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BlackRock, Vanguard ESG voting stance has little effect on corporate action

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The latest reports on investment stewardship show that BlackRock (NYSE:BLK) and Vanguard supported fewer proposals on social and environmental issues than in previous years, but it comes along with improvement in corporate ESG action.

  • BlackRock and Vanguard voted against more environmental and social proposals in the 2023 season compared to previous years.
  • The drop was attributed to proposals being overly prescriptive or lacking economic merit, as well as improved climate disclosures of investee companies.
  • Shareholder advocacy group As You Sow notes this is “not the end of the world” and businesses are executing ESG better than ever.

The news comes amid the continued anti-ESG political battle in the US, where BlackRock has backtracked on its sustainability strategy after being targeted by the Republican establishment. 

BlackRock drops support on environmental and social proposals…

In the US, BlackRock supported 7% of proposals on social and environmental issues in the year to June 2023, down from 22% in 2022 and 47% in 2021. 

BlackRock said that, this year, shareholders submitted a record number of proposals in the 2022-23 proxy year and the quality of proposals “continued to decline”. The US saw a 34% increase in social and environmental proposals, but the investor observed “a greater number of overly prescriptive proposals or ones lacking economic merit”.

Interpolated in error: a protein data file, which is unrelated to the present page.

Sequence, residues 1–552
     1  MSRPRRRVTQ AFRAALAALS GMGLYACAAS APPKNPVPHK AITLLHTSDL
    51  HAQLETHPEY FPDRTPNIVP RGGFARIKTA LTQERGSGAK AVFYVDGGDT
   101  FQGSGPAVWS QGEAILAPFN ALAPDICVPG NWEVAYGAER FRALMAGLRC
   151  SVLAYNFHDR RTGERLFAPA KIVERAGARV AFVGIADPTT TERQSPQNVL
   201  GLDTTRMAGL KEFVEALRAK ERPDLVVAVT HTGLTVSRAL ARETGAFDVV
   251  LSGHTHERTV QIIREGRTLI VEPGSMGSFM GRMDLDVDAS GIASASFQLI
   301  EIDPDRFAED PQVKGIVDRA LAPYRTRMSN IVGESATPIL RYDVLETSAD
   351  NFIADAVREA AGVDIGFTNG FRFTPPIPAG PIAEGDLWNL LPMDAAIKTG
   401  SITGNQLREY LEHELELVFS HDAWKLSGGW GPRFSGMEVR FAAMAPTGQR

“Importantly, the majority of these proposals failed to recognize that companies are already meeting their asks,” said Joud Abdel Majeid, BlackRock’s global head of investment stewardship. “Because so many proposals were over-reaching, lacking economic merit, or simply redundant, they were unlikely to help promote long-term shareholder value and received less support from shareholders, including BlackRock, than in years past.”

The asset manager stressed that its role is to help clients navigate investment risks and opportunities. As more companies are reporting in alignment with the Task Force on Climate-related Financial Disclosures (TCFD), they are already providing the information necessary for investors to assess their approach to managing climate-related risks and their ability to deliver shareholder returns over time.

…and so does Vanguard

Similarly, Vanguard only supported 2% of such proposals, compared to 12% in 2022 and 20% in 2021. 

The asset manager said that the drop in shareholder proposals was due to “the volume and nature of the shareholder proposals”, partly driven by November 2021 changes to Securities and Exchange Commission (SEC) guidance and improvements in company disclosure. According to Vanguard, this limited companies’ ability to exclude proposals under the rule’s ‘ordinary business’ exception that relate to a significant social policy issue and also limited what may be considered ‘micromanagement’ of a company under the exception.